This is the first part of a series of posts designed to introduce analysts to the power and quirks of R-language programming. We’ll take things step by step and compare and contrast approaches used in SAS and R. Our goal: to help you develop a solid start to R programming skills.
My Rocky Start as an R-Language Analyst
For the past several years, data analysts have been talking about the R-language. My first real experience with it was about three years ago.
The senior statistician at a company where I worked told me if I wasn’t using R, I wasn’t really an analyst. Being a hardcore SAS (Statistical Analysis System) user of almost 20 years, I had something to say. We had words. In the end, we agreed to disagree and walked away with our friendship not quite intact.
However, that discussion started me down a path of learning more about this cantankerous, wonderful programming language.
At the beginning of my journey I was told, “If you know how to program in SAS or SPSS, R is easy to pick up. It’s just another programming language.” That, my friends, is a lie. Having statistical programming skills in a highly evolved, commercially supported language will indeed help. But, the difference here is more akin to telling time versus being able to build a clock.
What We’re Up To
The purpose of this series is not to regale you with the benefits of R. We will take you step by step through the process of using your SAS experience to begin using R. There are fundamental differences in programing logic as well as how the two languages process data. We’ll compare and contrast those factors.
In the end, you’ll:
- Have a better understanding of how R works in relation to SAS.
- Be able to replicate many basic SAS functions.
- Understand how to produce the same results as a basic SAS data step.
- Know how to create many of the popular SAS procedures such as: freq, means, univariate, contents, logistic, glm and plot, to name a few.
We’ll begin with background about R and how to set it up. Then, we’ll move through its basic functions. Next, we’ll move into the replication of core SAS functionality. Finally, we’ll discuss the extended R-language functionality and how it provides more flexibility and a more powerful set of tools than in many areas of SAS.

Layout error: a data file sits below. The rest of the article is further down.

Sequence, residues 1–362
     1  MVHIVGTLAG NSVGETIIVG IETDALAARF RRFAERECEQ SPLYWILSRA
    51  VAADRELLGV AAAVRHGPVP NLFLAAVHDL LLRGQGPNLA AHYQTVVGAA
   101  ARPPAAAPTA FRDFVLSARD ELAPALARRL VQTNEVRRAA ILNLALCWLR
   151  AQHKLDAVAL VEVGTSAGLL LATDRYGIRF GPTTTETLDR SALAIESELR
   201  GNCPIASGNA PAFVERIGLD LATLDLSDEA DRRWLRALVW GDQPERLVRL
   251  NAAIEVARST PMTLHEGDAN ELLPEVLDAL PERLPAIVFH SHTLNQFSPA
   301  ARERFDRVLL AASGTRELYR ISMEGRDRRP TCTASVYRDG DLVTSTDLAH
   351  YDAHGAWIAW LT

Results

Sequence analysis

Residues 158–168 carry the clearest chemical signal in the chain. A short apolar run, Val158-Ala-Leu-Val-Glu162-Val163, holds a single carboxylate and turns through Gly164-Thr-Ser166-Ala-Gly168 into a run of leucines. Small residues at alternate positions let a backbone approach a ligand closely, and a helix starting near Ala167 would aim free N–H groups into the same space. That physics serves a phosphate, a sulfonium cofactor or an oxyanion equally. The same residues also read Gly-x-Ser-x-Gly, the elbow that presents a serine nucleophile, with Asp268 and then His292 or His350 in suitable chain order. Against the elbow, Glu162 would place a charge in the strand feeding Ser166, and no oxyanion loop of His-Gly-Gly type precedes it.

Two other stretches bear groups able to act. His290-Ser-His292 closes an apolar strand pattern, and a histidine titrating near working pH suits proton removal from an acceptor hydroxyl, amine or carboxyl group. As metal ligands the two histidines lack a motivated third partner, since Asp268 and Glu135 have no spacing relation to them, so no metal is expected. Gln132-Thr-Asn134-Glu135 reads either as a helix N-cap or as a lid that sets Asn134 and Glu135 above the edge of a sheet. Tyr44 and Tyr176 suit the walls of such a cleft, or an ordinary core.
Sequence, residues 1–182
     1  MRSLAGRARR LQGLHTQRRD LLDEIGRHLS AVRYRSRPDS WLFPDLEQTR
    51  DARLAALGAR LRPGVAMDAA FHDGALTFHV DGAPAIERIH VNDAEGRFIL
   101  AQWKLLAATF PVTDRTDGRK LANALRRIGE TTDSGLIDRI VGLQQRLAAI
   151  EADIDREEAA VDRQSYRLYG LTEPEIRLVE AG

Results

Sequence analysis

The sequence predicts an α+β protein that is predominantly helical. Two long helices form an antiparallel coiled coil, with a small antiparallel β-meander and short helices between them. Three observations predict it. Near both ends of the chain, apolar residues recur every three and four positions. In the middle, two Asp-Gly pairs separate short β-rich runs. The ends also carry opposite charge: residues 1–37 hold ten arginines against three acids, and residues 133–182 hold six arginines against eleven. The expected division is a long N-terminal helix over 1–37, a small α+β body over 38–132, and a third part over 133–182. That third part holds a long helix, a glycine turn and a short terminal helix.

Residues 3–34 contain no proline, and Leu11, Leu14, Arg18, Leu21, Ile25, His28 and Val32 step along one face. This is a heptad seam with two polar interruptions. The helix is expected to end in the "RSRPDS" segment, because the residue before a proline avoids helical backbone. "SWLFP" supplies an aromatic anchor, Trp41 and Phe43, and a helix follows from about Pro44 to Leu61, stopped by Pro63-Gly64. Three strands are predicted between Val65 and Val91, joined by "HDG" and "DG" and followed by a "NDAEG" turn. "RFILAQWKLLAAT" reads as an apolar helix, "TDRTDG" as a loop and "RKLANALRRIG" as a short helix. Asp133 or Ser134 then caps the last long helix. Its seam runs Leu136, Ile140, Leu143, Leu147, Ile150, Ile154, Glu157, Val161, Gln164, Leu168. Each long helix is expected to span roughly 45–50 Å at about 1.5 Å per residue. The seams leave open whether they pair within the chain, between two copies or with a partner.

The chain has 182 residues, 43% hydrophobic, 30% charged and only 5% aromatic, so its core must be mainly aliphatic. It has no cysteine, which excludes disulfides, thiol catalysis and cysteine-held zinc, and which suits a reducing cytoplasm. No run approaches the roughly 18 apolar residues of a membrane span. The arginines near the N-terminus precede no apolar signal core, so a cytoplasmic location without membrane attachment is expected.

Stick Around, We’ll Have Fun
The best thing about starting down this path is the only cost of admission is your time. R, the RStudio and all related add-on packages are free.
With each future post, please feel free to discuss what you see. Or, e-mail me directly at Carter.Mills@syntelli.com.
I look forward to introducing you to R and answering any questions you might have.
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Carter has had a passion of solving problems with data for over 20 years. He enjoys spending his days understanding all levels of an environment and designing tailored solutions which lead to measurable results. Carter’s professional experience includes developing strategic solutions in the financial, healthcare, insurance, retail, energy and telecommunication industries. His level of expertise encompasses specialties such as marketing analytics, data integration & enhancement, client management training, database modeling & segmentation, custom CRM systems, SAS, SPSS, R and SQL.